Although this review was done on an Android device, gameplay on the iOS is very similar
Top Gear has become a popular series, so it makes sense that BBC are trying to push more out of the program by developing a mobile game for the plentiful Top Gear fans. But is it good enough? Does it deserve Top Gear’s name, or is it just a cheap gimmick to get more revenue from the already popular TV program? Let’s take a look and see.
Interface and Controls
Mobile games are meant to be simple; touch screens are quite primitive when it comes to game controls, so without a simple control system or user interface, games can become frustrating to the point of the player quitting and finding a simpler alternative, regardless of the actual game content. When I came away from using the interface in Top Gear, I felt nothing but confused and frustrated, there is quite a lot of content in the game, and the interface has been displayed nicely, but there are so many unnecessary menus and sub-menus that it becomes an effort to find and display what you are looking for.
Navigation becomes a chore, and without any interface or UI tutorials, it’s certainly very overwhelming at first. The menus still show a lot of information though, and there are places to check your current progress and your purchased vehicles, as well as sub-menus for purchasing in-game cash and setting options as well, so the interface isn’t lacking much, despite the navigation issues.
In Top Gear SSR, there are a variety of challenges to complete, although throughout the game, the controls remain practically the same. By default, there are two onscreen buttons to control acceleration and the breaks, and steering the vehicle can be controlled with the accelerometer.
The accelerometer controls are hard to grip, and it’s hard to find a decent sensitivity between over-sensitive steering to brick-like controls. Luckily, there is an option to have onscreen steering buttons, which improves the control ability by a huge amount. The steering still isn’t perfect though, and when compared to games like Asphalt 7, which is available for a similar price as Top Gear SSR Pro, it shows that the game hasn’t been as smoothly polished as games from more professional developers like Gameloft.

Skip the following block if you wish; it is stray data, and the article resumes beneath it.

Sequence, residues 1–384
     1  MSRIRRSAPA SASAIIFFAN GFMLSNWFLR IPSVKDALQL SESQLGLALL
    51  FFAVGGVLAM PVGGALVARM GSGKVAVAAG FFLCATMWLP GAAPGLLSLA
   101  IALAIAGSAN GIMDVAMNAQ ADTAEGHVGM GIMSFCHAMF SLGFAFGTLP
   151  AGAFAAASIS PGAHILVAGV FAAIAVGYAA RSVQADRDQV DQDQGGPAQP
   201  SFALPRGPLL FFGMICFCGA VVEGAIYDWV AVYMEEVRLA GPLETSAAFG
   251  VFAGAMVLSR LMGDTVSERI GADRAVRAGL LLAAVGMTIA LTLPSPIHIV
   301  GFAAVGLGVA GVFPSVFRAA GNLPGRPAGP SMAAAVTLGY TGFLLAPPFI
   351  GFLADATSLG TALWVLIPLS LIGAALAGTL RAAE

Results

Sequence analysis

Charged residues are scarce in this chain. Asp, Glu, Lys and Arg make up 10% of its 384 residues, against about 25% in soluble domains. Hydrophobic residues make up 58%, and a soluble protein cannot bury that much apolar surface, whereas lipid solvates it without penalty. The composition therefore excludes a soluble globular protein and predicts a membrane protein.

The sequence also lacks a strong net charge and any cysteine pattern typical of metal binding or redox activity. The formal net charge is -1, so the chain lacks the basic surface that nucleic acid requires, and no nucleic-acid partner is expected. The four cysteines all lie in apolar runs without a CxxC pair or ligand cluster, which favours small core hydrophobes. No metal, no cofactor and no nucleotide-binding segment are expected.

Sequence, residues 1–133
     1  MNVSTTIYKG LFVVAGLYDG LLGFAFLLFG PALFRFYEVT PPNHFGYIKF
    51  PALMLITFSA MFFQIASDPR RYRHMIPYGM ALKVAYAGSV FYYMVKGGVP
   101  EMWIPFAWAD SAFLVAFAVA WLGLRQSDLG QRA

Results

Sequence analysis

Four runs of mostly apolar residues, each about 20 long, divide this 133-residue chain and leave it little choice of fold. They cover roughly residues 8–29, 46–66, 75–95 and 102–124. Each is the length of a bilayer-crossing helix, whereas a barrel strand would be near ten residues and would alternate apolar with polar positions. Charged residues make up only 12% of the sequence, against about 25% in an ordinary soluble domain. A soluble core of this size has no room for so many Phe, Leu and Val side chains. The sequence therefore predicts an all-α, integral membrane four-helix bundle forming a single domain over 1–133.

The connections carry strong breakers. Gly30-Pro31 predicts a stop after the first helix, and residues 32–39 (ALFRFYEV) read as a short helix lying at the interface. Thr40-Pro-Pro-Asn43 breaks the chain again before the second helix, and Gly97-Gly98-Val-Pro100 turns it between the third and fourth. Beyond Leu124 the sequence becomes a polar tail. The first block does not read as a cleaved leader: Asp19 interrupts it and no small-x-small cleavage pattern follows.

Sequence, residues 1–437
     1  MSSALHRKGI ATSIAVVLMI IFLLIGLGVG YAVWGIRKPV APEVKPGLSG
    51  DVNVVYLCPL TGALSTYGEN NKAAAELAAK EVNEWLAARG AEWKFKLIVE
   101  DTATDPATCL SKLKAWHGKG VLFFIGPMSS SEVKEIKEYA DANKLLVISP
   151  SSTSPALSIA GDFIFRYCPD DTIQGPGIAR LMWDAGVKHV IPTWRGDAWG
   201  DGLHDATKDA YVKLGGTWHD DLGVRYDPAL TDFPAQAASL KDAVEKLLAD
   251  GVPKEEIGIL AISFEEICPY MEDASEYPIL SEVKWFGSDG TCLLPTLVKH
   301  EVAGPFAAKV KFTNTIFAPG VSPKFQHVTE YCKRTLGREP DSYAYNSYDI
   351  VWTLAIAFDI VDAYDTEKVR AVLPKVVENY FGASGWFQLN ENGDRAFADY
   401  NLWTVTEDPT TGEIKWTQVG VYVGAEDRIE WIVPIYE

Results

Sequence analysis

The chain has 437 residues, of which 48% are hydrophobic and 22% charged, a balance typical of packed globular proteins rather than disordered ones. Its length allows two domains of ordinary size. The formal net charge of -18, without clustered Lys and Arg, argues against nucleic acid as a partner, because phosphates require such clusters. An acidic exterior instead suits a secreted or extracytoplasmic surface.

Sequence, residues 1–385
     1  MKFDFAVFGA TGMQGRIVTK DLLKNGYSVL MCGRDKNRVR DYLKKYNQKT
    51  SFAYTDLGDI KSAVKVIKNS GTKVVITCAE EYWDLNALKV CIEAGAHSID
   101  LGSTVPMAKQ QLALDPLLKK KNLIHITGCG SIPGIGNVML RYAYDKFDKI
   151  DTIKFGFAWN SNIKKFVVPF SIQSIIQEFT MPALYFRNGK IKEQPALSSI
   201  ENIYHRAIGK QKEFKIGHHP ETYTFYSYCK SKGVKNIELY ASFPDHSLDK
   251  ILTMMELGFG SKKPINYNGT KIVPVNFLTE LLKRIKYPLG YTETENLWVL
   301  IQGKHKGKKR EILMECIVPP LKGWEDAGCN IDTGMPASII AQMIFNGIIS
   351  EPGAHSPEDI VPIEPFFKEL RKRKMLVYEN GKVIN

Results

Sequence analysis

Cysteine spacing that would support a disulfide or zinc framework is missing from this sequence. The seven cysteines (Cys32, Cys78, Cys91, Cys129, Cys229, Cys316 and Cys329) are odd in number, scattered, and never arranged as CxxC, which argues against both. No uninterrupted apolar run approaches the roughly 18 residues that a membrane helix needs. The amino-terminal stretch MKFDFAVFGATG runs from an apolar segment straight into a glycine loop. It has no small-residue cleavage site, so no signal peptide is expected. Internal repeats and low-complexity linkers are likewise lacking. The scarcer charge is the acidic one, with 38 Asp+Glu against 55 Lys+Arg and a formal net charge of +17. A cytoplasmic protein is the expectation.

Gameplay and Challenges
Top Gear SSR is split up into different challenges that have to be played with each of the three car classes before being able to move onto the next one. Each challenge has a bronze, silver and gold medal to achieve, and the score needed to earn a medal rises after each time the challenge is completed. There is a huge variety within the challenges available, taking you from mountainside jumps, to bowling with giant skittles. The developers have done a good job to put in a lot of different mini games, and Top Gear SSR makes for a good party game.
There are plenty of cars to unlock, and the upgrade system has been worked out smartly, however, with the repetitive challenges with little differentiation between them, it becomes a big grind to unlock and upgrade the higher level cars.
There’s also a level system which prevents players from buying the best cars and upgrades with real money straight away, so although the game seems to point towards all the freemium purchases such as car upgrades and unlocks, Top Gear still requires you to play the game before you can use them.
Graphics and Different Environments
The graphics in Top Gear SSR aren’t top notch, but there is a decent amount of variety of levels and vehicles, and that’s what is important. The 150 vehicles fit into different classes but still each have their own unique shine to them. The different challenge locations vary greatly, and because of this, the game includes a lot of different scenes to play in.
For a mobile game released in 2012, the game feels a little unfinished, and I would have much preferred it if BBC gave Gameloft the opportunity to develop a Top Gear game, instead of giving the task to their own in-house developers.
The Top Gear Theme
Throughout this game, I constantly noticed how Top Gear SSR really had nothing to do with Top Gear other than the logos in-game, and the appropriately named in-game cash, ‘Stig Dollars.’
The cars feel unrealistic and don’t represent anything we would expect on the TV show, and although we see a few cars here and there that represent real life vehicles, the situations the cars are put through in the game are also far from realistic, and for a game that is focused towards car enthusiasts, Top Gear SSR is a bit of a disappointment.
- 150 Cars to unlock
- Lots of upgrades
- Varying scenes, challenges and vehicles keep game fresh
- Controls and interface are unpolished
- Doesn’t represent Top Gear well at all
- Big grind to get the higher level vehicles and upgrades
Download Top Gear SSR here: